Biased competition in the absence of input bias revealed through corticostriatal computation


Classical accounts of biased competition require an input bias to resolve the competition between neuronal ensembles driving downstream processing. However, flexible and reliable selection of behaviorally relevant ensembles can occur with unbiased stimulation: striatal D1 and D2 spiny projection neurons (SPNs) receive balanced cortical input, yet their activity determines the choice between GO and NO-GO pathways in the basal ganglia. We here present a corticostriatal model identifying three mechanisms that rely on physiological asymmetries to effect rate- and time-coded biased competition in the presence of balanced inputs. First, tonic input strength determines which one of the two SPN phenotypes exhibits a higher mean firing rate. Second, low-strength oscillatory inputs induce higher firing rate in D2 SPNs but higher coherence between D1 SPNs. Third, high-strength inputs oscillating at distinct frequencies can preferentially activate D1 or D2 SPN populations. Of these mechanisms, only the latter accommodates observed rhythmic activity supporting rule-based decision making in prefrontal cortex. [Code]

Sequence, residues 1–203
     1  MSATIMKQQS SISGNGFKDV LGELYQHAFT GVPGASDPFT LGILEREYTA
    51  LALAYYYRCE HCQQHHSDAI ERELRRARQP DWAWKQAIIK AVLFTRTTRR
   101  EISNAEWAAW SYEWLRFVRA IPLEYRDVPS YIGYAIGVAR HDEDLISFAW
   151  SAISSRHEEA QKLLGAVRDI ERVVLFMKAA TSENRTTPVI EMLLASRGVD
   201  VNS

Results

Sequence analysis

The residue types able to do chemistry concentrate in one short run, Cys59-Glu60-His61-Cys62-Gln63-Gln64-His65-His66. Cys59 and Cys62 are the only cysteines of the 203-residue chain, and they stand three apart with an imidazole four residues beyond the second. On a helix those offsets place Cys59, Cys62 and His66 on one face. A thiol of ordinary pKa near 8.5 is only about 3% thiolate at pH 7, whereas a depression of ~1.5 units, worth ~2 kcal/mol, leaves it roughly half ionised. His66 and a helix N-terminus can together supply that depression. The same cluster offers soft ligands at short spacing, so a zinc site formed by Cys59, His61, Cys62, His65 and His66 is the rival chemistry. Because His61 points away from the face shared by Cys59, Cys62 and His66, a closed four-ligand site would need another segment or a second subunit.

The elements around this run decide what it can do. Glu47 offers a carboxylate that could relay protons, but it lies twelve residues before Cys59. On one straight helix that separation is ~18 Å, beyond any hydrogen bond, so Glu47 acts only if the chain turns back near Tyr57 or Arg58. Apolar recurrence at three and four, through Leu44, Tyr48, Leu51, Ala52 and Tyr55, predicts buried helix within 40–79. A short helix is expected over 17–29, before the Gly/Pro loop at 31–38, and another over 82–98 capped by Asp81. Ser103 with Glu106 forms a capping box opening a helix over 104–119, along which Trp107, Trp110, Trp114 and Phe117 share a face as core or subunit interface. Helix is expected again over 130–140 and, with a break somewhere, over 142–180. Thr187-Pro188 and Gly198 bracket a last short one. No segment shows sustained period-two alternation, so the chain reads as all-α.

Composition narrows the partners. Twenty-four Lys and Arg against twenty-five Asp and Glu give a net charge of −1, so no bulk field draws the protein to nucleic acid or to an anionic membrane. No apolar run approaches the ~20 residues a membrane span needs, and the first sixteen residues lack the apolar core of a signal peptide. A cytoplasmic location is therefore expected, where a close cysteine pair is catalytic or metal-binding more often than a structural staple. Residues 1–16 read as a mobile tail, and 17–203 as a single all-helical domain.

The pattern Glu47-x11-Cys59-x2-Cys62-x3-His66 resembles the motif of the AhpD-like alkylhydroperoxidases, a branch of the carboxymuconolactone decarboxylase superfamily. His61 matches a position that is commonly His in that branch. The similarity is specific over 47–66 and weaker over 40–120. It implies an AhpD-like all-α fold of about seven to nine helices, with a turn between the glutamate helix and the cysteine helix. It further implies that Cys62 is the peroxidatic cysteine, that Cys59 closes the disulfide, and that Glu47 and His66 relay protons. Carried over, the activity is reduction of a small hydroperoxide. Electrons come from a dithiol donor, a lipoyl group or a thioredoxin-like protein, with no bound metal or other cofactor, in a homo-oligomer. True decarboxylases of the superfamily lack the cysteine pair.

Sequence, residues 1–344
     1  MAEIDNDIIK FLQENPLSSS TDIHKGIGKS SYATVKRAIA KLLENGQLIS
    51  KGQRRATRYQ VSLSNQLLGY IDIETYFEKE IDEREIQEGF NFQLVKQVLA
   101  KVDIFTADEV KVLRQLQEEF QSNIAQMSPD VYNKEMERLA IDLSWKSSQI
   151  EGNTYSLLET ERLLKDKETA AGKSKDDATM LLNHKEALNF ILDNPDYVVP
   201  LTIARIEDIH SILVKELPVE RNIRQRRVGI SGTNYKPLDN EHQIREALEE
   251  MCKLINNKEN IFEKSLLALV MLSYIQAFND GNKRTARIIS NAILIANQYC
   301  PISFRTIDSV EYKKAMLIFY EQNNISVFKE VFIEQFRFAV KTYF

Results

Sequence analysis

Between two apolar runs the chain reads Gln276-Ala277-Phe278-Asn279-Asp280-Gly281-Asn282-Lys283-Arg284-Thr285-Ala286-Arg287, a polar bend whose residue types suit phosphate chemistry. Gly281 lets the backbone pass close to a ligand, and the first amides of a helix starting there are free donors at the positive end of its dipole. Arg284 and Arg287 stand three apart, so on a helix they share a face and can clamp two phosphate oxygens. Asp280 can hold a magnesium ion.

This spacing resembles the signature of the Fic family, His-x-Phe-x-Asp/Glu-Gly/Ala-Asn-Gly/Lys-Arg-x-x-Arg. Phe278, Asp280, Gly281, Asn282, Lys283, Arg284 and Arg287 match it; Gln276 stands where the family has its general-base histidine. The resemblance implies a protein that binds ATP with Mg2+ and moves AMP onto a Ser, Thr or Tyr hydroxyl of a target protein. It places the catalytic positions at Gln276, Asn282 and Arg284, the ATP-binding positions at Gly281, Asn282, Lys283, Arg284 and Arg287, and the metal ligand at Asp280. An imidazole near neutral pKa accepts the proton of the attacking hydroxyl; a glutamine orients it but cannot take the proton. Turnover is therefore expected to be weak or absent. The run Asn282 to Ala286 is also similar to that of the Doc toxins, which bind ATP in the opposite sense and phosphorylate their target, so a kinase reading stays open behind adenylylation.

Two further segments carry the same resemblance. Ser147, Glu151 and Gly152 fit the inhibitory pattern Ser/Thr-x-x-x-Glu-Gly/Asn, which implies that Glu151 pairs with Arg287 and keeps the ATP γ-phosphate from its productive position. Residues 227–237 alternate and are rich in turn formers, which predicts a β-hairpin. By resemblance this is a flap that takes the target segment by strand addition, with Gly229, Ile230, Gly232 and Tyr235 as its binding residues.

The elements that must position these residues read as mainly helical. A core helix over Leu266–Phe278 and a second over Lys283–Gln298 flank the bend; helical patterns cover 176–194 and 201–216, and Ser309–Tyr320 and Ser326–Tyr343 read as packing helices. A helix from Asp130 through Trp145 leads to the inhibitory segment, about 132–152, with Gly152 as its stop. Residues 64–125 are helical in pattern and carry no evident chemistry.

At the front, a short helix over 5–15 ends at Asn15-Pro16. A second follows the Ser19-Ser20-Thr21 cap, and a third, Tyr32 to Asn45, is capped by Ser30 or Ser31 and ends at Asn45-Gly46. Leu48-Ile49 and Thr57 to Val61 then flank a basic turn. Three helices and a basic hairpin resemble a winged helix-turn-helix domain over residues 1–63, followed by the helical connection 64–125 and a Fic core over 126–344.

Proceedings of the National Academy of Sciences